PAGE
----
Destined to be a coach

Podcast hosts Jeff Marek and Elliot Friedman brought up that many of the people who knew Woodcroft at a young age were not surprised by his becoming a coach. It is clear to see that Woodcroft is all in, driven by an internal fire of passion and work ethic. This driving force was honed and displayed from a young age, with Woodcroft being a detailed student of the game as a child, working in hockey camps since his early teens, going to Europe to pursue a playing career, all before retiring as a player at 28 to pursue coaching.

Along the way Woodcroft has had the chance to learn from several prolific coaches, an obvious resource being the Detroit Red Wings staff he joined in the 2005–06 season. That staff had Mike Babcock, Todd McLellan, and Paul MacLean, all of whom have held NHL head coaching positions.

More impressive is Woodcroft’s understanding that knowledge can come from many sources. Though he credits the coaching staff quite a bit, claiming his time with the Red Wings as a sort of university equivalence in coaching, he mentions too how the players themselves are able to offer insights for those willing to listen.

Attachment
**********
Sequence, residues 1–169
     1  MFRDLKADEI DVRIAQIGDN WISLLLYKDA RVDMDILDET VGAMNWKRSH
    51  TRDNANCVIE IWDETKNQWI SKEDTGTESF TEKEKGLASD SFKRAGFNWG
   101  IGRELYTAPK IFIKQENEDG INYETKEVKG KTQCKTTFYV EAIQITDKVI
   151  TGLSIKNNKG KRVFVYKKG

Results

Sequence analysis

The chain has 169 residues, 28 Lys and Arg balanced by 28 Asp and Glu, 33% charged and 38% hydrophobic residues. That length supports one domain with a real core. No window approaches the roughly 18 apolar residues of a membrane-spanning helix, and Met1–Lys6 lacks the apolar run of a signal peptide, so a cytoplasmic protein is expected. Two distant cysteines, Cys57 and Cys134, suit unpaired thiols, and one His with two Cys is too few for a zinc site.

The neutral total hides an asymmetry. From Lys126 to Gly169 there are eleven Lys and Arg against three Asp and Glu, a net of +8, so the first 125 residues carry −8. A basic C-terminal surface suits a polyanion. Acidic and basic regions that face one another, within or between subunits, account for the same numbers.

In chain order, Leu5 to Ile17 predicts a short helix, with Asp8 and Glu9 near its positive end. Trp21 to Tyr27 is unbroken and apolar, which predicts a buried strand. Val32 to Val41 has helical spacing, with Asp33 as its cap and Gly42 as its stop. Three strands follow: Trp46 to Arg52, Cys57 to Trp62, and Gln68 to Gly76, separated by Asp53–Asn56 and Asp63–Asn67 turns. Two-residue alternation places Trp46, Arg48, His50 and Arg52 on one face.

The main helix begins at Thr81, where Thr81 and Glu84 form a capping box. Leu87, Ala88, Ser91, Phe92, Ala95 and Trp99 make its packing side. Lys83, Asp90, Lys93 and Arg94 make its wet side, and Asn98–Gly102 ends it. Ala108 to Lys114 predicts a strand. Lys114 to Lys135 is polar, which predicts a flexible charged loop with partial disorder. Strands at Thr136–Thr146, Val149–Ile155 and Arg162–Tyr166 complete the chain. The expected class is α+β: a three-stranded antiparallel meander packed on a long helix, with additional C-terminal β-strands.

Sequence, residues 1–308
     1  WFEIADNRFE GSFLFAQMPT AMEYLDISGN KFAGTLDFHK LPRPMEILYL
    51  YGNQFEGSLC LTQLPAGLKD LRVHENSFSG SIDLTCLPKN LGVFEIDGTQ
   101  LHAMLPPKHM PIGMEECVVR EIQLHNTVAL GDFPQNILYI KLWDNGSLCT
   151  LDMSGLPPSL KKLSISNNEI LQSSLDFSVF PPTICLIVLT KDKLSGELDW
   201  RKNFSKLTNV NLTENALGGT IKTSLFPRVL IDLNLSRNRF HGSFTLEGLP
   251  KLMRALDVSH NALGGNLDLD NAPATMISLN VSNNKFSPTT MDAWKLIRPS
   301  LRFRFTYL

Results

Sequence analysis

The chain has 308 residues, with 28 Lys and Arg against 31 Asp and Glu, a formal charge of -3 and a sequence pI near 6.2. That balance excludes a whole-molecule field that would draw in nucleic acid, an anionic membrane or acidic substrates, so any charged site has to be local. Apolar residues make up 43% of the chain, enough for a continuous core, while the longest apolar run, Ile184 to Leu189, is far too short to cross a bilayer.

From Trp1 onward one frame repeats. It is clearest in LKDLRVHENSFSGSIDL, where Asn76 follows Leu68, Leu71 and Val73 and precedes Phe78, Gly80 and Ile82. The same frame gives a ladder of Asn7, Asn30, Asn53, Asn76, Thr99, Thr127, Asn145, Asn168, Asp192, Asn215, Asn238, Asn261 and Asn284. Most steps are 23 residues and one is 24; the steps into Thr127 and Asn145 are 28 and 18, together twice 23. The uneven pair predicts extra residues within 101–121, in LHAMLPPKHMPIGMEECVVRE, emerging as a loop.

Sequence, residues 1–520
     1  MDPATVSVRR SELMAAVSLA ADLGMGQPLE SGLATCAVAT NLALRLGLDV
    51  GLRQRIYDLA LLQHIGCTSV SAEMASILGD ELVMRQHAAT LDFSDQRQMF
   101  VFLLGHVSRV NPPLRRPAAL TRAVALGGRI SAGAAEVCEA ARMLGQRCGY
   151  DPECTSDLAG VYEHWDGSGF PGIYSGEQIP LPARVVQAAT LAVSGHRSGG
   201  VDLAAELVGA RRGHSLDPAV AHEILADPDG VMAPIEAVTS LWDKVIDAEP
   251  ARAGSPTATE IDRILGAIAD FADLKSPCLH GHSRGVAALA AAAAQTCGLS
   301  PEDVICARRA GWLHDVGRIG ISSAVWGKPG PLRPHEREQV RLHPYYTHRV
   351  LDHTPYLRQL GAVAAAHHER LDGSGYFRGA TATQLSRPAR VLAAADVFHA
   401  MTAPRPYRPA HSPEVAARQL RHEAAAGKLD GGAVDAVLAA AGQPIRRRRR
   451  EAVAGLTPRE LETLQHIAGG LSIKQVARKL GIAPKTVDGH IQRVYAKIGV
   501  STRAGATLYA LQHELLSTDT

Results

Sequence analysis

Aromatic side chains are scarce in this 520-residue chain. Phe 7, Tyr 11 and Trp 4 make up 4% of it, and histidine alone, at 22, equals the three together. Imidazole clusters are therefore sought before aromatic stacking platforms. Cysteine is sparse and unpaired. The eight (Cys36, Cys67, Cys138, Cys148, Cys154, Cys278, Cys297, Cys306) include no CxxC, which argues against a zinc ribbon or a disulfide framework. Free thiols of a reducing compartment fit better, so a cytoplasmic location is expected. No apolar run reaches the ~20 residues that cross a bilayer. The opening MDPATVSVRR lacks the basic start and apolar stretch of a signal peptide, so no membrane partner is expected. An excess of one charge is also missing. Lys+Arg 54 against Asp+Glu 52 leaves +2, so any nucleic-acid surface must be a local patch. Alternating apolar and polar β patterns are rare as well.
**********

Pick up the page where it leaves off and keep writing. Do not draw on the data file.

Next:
At the time, in his late 20s, Woodcroft would have been younger than many of the legendary players on the Red Wings. In particular he mentions the leadership of now GM Steve Yzerman was particularly inspiring, not to mention the work ethic of all the great players he has coached in the NHL throughout the years. From the likes of Nicklas Lidstrom and Pavel Datsyuk in Detroit, Joe Thornton and Patrick Marleau during his tenure in San Jose, not to mention McDavid and Draisaitl here in Edmonton, Woodcroft has been a first hand witness to some of the highest level players.

Woodcroft mentions how these top players are eager to learn, to be coached, and to seek any additional edge in their pursuit of greatness. It is this desire to succeed that forged their talents in the first place. Though they seek knowledge and instruction, Woodcroft does the same in return.

It is in this collaboration and respect that Woodcroft achieves results. He does not coach against circumstance, rather with it. He keeps video sessions short and succinct. Ultimately we see this attitude in how Woodcroft carries himself publicly, particularly in media availability. He allows the players to walk their own paths to improvement, enabling their desire to achieve, rather than forcing them into his own directions.